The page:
terrorists to focus on softer, less fortified targets (such as the Doha Players' Theater). Overall, however, Qatar is considered very safe compared to Saudi Arabia. Because of the potential for terrorist actions within Qatar, the threat of terrorism in Doha is medium.1 Crime Crime in general is not a significant concern in Qatar. What crime exists is mainly petty theft; incidents of violent crime are rare. Because of the terrorist threat, there is a large police presence throughout the country that helps keep the crime rate low. Still, travelers are advised to remain aware of their surroundings. Valuables such as cash, jewelry and small electronics should not be left unattended or in an unsecured location. Also, female visitors should not travel alone at night. The threat of crime in Doha is low.2 War and Insurgency Qatar, like Bahrain, Kuwait, Oman, Saudi Arabia and the United Arab Emirates (UAE), is a member of the Gulf Cooperation Council and generally has good relations with neighboring countries. In March 2001, the International Court of Justice settled a long-standing territorial and maritime dispute with Bahrain. The court's decision was binding and peacefully accepted by both Doha and Manama, prompting renewed cooperation between the two countries. Qatar is trying to assert itself as a major player in the region and could create some geopolitical tensions in the process, although this would not likely affect the country's security. However, given that Qatar is a staunch U.S. ally and a home to Centcom, the country would be dramatically impacted by any U.S. war with Iran, which would certainly target Qatars oil facilities as well as U.S. bases. Nevertheless, Stratfor believes the possibility of such a war in the foreseeable future is remote and that the overall danger of war and insurgency in Doha is low.3 Political Instability When compared with other Arab states in the Middle East like Saudi Arabia, Qatar has relatively liberal laws, though they are not as liberal as those in the United Arab Emirates. Starting in 1995, when Crown Prince Hamad bin Khalifa replaced his father as emir, the country underwent a period of liberalization and modernization, and in 1999 it became the first country in the Persian Gulf region to give women the right to vote. It is important to keep in mind that, although Qatar is more open than other Middle Eastern societies, developments in the region can still impact public opinion in the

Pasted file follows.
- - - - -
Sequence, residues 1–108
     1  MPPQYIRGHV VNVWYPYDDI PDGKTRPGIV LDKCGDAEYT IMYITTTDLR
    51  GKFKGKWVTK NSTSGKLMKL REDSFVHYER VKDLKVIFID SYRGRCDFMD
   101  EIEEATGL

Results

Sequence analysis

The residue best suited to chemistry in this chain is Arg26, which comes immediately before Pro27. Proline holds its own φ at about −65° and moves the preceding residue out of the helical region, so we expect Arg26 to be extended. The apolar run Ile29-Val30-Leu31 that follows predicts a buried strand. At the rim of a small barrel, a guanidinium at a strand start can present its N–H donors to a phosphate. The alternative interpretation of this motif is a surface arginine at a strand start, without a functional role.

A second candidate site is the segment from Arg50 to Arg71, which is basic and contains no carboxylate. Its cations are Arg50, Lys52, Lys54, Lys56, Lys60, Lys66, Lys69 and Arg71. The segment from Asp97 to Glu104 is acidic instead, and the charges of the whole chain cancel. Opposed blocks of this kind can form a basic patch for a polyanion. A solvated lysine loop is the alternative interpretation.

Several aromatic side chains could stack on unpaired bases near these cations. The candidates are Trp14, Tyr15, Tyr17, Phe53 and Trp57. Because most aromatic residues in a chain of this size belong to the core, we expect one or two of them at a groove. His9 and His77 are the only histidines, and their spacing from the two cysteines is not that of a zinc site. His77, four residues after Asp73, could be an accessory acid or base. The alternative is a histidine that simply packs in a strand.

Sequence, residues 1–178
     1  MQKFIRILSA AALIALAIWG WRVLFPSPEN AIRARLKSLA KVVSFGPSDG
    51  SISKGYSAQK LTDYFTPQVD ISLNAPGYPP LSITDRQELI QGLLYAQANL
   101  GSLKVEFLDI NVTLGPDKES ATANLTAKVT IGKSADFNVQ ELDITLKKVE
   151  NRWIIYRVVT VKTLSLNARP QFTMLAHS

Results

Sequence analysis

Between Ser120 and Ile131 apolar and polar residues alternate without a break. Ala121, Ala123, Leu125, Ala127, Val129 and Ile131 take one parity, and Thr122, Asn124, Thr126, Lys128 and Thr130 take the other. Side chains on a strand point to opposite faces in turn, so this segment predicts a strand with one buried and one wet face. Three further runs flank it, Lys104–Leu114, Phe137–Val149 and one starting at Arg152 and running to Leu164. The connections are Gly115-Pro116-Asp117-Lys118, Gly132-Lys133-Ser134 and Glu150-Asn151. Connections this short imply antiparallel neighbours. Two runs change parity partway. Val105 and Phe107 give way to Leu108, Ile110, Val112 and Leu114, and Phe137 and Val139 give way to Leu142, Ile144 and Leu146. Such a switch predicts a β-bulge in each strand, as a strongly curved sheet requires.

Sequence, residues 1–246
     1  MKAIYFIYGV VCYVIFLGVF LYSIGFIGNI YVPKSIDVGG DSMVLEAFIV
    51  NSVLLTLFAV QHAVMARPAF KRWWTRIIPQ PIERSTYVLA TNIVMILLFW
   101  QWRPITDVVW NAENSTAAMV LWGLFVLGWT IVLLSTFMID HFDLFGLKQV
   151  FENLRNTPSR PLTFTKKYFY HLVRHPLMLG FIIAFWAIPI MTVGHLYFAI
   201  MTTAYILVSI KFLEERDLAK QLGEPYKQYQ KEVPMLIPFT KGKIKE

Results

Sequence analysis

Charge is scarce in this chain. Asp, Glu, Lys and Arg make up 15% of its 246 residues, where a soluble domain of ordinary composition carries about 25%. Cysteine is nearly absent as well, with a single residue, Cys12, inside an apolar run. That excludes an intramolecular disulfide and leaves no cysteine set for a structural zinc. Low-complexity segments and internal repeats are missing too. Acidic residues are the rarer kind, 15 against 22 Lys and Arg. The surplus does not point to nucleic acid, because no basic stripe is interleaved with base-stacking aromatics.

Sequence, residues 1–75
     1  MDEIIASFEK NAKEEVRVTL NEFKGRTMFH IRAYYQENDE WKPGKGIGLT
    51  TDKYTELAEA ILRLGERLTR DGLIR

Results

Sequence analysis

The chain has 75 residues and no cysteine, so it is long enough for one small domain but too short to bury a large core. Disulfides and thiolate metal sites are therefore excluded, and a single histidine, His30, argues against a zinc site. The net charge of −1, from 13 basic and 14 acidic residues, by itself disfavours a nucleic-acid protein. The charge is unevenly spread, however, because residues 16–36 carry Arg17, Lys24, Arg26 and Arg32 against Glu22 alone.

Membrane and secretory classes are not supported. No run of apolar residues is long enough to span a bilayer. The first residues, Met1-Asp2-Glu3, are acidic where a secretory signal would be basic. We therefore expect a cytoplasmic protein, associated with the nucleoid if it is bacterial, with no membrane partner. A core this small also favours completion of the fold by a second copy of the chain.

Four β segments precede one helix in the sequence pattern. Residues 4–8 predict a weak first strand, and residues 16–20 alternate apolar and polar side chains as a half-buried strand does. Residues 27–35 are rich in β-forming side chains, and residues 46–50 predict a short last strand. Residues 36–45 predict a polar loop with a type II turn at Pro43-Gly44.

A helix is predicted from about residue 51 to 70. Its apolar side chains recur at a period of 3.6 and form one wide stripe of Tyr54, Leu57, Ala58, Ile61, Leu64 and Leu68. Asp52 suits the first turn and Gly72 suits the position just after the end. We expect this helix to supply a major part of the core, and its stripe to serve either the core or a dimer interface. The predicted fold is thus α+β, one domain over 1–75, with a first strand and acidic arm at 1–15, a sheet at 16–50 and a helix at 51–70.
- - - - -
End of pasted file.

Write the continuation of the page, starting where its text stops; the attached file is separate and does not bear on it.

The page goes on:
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country, possibly sparking protests and demonstrations that can turn violent (which occurred in Doha in March). Western visitors are advised to avoid any large public gatherings. The level of political instability in Doha is low.4 Miscellaneous Threats The primary cause of death in Qatar is traffic accidents. Traffic safety regulations in the country are not on par with those in the United States, and travelers face a plethora of problems while driving, including roundabouts, extensive road construction and the routinely high speeds with which local drivers operate their motor vehicles. Conditions are significantly worse in rural areas, where roads are poorly maintained, insufficiently lit and often occupied by wandering camels. Visitors are advised to hire local drivers they can trust, particularly for travel in remote areas, and to remain in urban areas as much as possible. The risk from miscellaneous threats in Doha is low.5